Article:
Webmaster's comment: Department of Energy export approval is separate from a FERC permit to construct.
Surging natural-gas supplies in North America and slowing demand from traditional buyers in Asia have pushed down LNG spot prices and made it more difficult for suppliers to ink fixed-price contracts needed to secure financing for export projects.
The company is building five LNG trains for Sabine Pass and two more at a facility in Corpus Christi, Texas. It is considering up to four additional trains if it can secure long-term supply agreements with buyers. That represents a more cautious approach from a year ago. [Colored & bold emphasis added.]
San Diego-based energy company and LNG operator Sempra Energy said that a final investment decision on the proposed Cameron LNG expansion project could be delayed beyond the first half of 2017.
[T]he final investment decision could be postponed as one of the partners “indicated to Sempra Energy and the other partners that it currently does not want to invest additional capital in Cameron LNG JV with respect to the expansion,” Sempra said in a 10-Q filing with the U.S. Securities and Exchange Commission. [Colored & bold emphasis added.]
The 2003-built, 138,500-cbm Golar Arctic has arrived in Jamaica to serve as a floating storage unit supplying fuel for the country’s 120-megawatt power plant at Bogue, Montego Bay.
Supplied by the US-based New Fortress Energy, the first LNG shipment arrived at the port of Kingston aboard the Golar Arctic on Friday, August 5, Jamaica’s energy company, JPS said in a statement.
New Fortress Energy signed an agreement with JPS last year to supply LNG for Jamaica’s power plant in Bogue. Earlier this year, the power plant was converted to run on gas as well as automotive diesel oil.
Carib Energy (USA) LLC, a subsidiary of Crowley Maritime Corp. (Crowley), has been awarded a multi-year contract to supply containerized LNG shipped from Crowley’s Jacksonville, Fla. terminal to Molinos de Puerto Rico, “the Caribbean arm of Ardent Mills LLC., the territory’s leading supplier of flour as well as wheat, corn and rice-based food ingredients.” The Molinos plant will use the regasified LNG for power consumption.
KUALA LUMPUR: Petroliam Nasional Bhd (Petronas) said it will conduct a total review of its proposed liquefied natural gas (LNG) project in northern British Columbia, Canada, before committing to a final investment decision (FID).
Petronas and its partners have been waiting about three years for a permit to build the Pacific NorthWest LNG export terminal in northern British Columbia. – Reuters [Colored & bold emphasis added.]
The Canadian Environmental Assessment Agency says the Gitanyow First Nation will still be able to fish if an $11.4-billion terminal is built to export liquefied natural gas from Lelu Island in northwestern British Columbia.
[Glen Williams, chief negotiator for Gitanyow hereditary chiefs,] said in an interview that he is disappointed with the view of agency officials. “They’ve pretty well made their determination already about the project, despite our efforts. We’re opposed to the site and concerned about the impact to Flora Bank and the future of our food supply,” he said.
Mr. Williams and Garry Reece, the former mayor of Lax Kw’alaams, urged the environmental assessment agency in July to extend the regulatory review by at least another four months. But Mr. Williams said the federal agency has rejected that request.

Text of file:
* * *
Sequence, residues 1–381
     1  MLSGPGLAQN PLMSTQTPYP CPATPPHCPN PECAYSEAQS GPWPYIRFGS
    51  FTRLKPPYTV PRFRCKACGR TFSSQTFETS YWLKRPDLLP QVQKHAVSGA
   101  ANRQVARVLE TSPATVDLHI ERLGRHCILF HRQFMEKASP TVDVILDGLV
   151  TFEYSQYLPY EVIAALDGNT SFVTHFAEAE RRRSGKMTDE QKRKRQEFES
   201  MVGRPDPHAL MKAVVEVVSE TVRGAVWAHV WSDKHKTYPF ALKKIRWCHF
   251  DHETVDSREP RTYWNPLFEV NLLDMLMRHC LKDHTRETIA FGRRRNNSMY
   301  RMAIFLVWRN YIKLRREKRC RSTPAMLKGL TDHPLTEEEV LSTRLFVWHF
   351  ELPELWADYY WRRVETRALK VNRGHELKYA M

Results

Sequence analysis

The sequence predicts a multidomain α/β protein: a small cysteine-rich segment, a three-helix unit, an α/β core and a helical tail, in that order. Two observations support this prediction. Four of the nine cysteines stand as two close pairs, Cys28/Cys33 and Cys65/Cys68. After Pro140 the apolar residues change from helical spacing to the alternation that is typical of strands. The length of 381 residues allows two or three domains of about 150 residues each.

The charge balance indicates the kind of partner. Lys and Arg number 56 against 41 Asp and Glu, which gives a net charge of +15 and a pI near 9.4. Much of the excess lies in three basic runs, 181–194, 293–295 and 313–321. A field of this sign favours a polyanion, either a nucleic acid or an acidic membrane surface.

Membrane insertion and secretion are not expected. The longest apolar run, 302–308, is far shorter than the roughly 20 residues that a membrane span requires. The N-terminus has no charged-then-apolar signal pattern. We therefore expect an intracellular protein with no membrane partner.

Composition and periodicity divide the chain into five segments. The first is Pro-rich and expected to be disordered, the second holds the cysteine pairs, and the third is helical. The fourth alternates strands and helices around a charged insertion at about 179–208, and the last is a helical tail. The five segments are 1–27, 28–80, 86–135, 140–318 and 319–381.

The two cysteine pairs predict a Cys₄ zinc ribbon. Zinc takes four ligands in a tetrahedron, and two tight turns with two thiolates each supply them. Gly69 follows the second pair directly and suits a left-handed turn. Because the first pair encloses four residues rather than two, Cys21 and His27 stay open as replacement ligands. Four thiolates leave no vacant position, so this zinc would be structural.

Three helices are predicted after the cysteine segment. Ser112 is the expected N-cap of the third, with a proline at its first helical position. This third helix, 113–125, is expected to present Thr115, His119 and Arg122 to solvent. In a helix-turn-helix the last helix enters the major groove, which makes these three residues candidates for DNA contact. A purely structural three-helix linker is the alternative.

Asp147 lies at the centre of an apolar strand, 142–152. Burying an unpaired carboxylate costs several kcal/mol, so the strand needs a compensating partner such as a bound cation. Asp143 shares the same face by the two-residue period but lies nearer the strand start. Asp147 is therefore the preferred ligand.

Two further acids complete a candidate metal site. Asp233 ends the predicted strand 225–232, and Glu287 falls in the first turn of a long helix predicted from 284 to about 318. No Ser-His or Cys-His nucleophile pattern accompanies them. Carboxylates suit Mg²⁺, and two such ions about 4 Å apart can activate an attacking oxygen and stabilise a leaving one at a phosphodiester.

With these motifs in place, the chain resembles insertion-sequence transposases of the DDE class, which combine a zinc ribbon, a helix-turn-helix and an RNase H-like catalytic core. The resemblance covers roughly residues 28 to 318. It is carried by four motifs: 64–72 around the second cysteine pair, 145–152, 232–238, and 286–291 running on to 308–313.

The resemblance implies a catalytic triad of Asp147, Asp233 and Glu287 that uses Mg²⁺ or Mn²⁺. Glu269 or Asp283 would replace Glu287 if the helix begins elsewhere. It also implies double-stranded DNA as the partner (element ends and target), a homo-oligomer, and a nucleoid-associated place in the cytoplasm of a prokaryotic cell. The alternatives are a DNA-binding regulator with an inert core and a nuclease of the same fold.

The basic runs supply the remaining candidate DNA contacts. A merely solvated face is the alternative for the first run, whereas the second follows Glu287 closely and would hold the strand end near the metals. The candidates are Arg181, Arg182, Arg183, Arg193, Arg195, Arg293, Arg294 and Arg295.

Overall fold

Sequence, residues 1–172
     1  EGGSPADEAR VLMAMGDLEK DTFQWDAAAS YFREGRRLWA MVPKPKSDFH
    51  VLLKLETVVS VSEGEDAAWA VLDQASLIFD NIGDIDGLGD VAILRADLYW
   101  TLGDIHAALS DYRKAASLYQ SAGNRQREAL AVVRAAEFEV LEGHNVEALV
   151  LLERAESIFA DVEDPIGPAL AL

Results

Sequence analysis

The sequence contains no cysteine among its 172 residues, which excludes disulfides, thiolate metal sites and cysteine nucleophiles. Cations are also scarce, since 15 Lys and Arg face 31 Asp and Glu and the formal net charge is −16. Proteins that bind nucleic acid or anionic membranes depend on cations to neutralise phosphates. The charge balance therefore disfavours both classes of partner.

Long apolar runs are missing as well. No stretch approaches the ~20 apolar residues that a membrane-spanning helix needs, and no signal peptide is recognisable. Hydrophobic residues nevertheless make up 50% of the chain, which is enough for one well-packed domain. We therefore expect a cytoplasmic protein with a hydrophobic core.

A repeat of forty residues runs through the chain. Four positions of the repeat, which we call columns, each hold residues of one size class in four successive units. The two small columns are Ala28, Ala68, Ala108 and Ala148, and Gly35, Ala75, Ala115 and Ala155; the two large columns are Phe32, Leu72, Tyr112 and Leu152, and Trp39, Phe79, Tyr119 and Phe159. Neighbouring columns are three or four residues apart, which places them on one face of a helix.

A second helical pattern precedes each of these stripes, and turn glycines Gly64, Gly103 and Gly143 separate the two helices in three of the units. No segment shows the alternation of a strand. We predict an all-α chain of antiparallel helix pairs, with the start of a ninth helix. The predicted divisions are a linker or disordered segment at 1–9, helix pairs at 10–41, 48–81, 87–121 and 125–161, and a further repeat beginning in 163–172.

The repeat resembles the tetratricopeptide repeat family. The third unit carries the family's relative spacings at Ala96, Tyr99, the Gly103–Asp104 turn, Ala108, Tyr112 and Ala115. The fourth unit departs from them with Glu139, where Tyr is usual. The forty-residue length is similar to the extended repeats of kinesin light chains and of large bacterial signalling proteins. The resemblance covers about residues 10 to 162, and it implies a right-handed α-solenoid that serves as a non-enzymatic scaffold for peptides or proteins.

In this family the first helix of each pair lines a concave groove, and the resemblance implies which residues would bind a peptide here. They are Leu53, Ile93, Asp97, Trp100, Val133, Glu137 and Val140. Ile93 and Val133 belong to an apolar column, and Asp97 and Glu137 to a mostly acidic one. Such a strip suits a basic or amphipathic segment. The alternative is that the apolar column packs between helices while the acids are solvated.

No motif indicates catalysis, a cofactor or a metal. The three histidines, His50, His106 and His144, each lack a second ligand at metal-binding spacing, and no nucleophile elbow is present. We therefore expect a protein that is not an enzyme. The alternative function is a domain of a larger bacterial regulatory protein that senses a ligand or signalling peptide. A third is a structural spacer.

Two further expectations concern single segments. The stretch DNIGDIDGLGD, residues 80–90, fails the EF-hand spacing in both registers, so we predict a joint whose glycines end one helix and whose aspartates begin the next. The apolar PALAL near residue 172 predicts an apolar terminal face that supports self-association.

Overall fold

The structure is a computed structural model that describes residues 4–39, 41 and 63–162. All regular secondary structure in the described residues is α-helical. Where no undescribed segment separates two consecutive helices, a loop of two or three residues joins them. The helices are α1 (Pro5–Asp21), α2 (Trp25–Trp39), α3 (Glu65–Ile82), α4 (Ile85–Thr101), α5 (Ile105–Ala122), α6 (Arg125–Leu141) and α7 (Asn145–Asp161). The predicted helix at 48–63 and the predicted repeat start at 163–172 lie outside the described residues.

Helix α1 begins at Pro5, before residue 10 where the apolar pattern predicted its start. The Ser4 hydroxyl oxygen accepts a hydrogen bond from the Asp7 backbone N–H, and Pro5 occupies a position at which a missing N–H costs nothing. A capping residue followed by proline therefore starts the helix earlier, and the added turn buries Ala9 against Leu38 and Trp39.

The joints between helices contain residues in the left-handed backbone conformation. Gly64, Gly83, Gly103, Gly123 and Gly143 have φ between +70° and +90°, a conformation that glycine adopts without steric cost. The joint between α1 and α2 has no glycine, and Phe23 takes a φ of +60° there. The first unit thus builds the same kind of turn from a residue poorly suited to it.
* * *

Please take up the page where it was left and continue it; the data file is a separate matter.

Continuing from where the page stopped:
In an interview, [Dr. Patrick McLaren, a geologist who is president of SedTrend Analysis Lt.d, who wrote a new report last month commissioned by the Gitanyow, criticizing the assessment agency’s analysis,.] said Pacific NorthWest LNG presented flawed information to the regulator. He argues that there have been ample scientific studies dating back to the 1970s that conclude Flora Bank should be left undeveloped due to the environmental risks. [Colored & bold emphasis added.]
Woodfibre LNG's Eagle Mountain pipeline and Pembina's Plateau Pipeline expansion both get green light from the province
Pembina-owned Plateau Pipeline Ltd.'s Northeast B.C. expansion is set to add 75,000 barrels a day of condensate natural gas liquids to the company's system, while the Eagle Mountain-Woodfibre Gas pipeline is another step towards constructing B.C.'s first liquefied natural gas export terminal.
Both projects will require various federal, provincial and local government permits before construction can begin.
VANCOUVER (Reuters) - British Columbia's environmental regulator on Tuesday approved a natural gas pipeline that would feed gas to the proposed Woodfibre LNG project, but attached 30 conditions to the line's construction.
Woodfibre LNG, a small-scale natural gas export terminal backed by Indonesian billionaire Sukanto Tanoto's RGE Group, was approved by federal regulators in March. The company has not yet made a final investment decision.
Coastal Whatcom County, known for welcoming industry, surprised oil executives and environmentalists alike with 60-day fossil fuel export moratorium
In an unprecedented gesture hailed by environmentalists, Washington's Whatcom County enacted an emergency 60-day moratorium on fossil fuel exports late Wednesday.
Environmentalists and industrialists were both shocked by the move from the coastal county once known as "Wide Open Whatcom" for its welcoming of oil refineries and a massive aluminum smelter.
"The moratorium applies to 'all forms of crude oil whether stabilized or not, raw bitumen, diluted bitumen and syncrude; coal; methane, propane, butane and other 'natural gas' in liquid or gaseous form,'" reports seattlepi.com.
Conservation group Stand, formerly ForestEthics, wrote in a statement that the move "temporarily prevents permitting for new projects that would allow the shipment or export of crude oil, coal, or liquefied natural gas (LNG) from Cherry Point. The emergency moratorium was put into place while the county finalizes a Comprehensive Plan update that will inform future zoning regulation changes that could prevent permits for new projects facilitating the export of crude oil, coal, or fracked gases."